To be, or not to be, the Bard?
William Shakespeare’s contribution to the image of Richard III, as of many other historical figures, has been less than helpful in terms of accuracy. However, just as Shakespeare’s original plays misrepresented his sources and the true course of events, not every performance of one of the plays is as he left them.
His version of Richard III was, of course, adapted to be more hostile by the relatively melodramatic Poet Laureate Colley Cibber. Garrick seems to have restored the original content somewhat although the horror film The Tower of London was a further diversion
Then there is uncertainty over which plays Shakespeare either wholly wrote, co-wrote with the likes of Fletcher, adapted or delegated; the late Eric Sams providing us with an alternative canonical list. Some of the others may be the responsibility of contemporaries such as Marlowe (d.1593). The Bard’s acknowledged British “history” plays appear to be centred wholly upon monarchs but those in question focus on Thomas of Woodstock, Thomas Cromwell and others.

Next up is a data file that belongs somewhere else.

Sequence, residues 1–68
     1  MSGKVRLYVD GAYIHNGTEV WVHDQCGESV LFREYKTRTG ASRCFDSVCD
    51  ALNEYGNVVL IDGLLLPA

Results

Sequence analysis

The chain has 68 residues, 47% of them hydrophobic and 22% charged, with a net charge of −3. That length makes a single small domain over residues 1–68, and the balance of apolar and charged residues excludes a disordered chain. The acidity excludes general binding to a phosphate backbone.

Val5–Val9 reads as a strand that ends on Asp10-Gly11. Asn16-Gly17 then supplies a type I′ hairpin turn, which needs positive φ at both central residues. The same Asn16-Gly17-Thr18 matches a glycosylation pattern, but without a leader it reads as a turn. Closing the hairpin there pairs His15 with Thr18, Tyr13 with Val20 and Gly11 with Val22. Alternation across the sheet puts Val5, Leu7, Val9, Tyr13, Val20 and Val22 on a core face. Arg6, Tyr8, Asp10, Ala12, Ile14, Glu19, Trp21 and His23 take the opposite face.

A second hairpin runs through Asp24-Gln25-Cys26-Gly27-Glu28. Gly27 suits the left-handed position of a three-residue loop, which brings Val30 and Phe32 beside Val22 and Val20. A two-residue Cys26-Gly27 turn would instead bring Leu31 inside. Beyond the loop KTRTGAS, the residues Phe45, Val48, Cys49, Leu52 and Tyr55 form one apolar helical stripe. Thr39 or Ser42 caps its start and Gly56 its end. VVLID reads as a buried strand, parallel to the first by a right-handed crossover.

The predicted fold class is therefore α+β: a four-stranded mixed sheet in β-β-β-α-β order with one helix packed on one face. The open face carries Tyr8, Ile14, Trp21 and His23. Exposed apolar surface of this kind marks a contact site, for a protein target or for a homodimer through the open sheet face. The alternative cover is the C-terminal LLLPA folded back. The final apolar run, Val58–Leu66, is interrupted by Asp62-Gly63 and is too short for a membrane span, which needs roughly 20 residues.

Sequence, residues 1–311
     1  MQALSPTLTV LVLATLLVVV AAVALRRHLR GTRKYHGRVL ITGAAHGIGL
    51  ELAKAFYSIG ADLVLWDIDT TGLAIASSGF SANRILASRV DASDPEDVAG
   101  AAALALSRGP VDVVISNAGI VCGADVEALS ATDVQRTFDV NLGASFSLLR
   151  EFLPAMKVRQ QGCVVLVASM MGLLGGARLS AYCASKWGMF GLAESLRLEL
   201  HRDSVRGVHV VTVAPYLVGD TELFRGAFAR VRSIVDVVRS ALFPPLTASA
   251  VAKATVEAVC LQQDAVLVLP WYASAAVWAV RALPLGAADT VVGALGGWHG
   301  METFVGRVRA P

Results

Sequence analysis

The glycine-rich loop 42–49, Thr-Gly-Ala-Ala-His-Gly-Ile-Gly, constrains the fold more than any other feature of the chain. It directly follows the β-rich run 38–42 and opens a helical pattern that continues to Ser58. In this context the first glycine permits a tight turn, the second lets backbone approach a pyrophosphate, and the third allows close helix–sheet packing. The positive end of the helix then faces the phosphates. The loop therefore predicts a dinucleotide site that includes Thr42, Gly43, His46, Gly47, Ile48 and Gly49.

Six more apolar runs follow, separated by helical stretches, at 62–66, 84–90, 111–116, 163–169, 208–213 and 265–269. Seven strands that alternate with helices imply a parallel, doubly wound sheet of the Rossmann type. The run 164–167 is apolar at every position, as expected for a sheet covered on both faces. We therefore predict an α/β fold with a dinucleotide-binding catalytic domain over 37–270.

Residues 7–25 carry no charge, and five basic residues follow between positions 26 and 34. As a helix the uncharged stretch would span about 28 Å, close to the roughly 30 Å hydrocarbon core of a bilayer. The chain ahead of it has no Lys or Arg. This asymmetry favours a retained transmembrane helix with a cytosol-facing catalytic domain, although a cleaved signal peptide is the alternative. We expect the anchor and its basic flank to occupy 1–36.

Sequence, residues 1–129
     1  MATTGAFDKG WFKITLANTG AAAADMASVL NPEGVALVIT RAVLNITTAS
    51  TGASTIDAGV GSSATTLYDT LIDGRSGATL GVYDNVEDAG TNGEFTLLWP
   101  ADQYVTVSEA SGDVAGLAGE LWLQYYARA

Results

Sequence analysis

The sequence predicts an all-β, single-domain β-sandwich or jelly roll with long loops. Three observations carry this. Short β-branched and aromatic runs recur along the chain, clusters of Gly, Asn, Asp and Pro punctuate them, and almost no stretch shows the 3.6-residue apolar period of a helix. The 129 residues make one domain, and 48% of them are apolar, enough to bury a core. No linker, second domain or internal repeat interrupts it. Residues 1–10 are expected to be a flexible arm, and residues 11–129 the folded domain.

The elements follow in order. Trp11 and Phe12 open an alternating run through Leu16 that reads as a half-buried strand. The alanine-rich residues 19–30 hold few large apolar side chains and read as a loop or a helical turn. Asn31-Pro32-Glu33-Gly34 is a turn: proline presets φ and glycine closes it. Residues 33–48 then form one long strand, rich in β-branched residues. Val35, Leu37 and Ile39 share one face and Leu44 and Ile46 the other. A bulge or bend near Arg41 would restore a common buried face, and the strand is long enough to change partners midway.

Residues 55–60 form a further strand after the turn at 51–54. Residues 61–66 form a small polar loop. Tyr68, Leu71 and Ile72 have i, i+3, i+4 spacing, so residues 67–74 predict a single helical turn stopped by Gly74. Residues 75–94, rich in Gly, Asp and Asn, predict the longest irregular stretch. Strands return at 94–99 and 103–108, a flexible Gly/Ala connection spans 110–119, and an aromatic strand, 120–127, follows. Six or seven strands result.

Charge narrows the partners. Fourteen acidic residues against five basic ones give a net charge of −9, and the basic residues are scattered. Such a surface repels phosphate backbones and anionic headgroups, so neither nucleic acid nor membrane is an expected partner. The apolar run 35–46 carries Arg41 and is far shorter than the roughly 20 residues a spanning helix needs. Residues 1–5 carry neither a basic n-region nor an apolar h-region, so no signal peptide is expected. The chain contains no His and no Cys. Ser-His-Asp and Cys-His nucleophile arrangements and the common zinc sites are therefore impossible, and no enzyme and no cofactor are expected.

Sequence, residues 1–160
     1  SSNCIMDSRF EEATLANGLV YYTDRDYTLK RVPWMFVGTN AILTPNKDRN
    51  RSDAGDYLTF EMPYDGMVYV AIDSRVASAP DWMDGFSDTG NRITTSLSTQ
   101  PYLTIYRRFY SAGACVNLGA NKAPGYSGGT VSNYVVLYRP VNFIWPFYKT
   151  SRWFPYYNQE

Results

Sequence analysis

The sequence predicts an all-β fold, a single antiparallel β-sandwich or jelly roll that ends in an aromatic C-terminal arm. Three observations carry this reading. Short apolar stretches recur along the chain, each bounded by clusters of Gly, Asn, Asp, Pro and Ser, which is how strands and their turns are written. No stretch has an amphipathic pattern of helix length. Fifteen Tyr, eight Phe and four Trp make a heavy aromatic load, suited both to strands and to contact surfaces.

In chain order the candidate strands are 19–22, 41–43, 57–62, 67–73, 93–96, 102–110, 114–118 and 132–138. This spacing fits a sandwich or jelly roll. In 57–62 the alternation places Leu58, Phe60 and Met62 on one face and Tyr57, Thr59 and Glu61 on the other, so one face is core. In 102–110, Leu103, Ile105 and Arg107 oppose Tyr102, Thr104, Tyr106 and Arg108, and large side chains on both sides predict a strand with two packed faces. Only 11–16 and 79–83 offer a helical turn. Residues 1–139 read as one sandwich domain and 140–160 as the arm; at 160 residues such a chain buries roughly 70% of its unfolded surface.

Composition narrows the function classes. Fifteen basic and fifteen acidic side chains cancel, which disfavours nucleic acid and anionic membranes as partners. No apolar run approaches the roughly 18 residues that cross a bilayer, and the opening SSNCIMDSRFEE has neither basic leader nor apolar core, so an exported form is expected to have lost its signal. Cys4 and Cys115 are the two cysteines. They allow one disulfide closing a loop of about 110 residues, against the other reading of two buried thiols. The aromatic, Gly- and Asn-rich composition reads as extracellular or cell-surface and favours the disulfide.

Beyond this come the known forgeries of the tabula rasa variety. The principal exponent was the eighteenth century London youth William Ireland, who momentarily fooled even his own father and part of the theatrical world to the point that his Rowena and Vortigern was performed.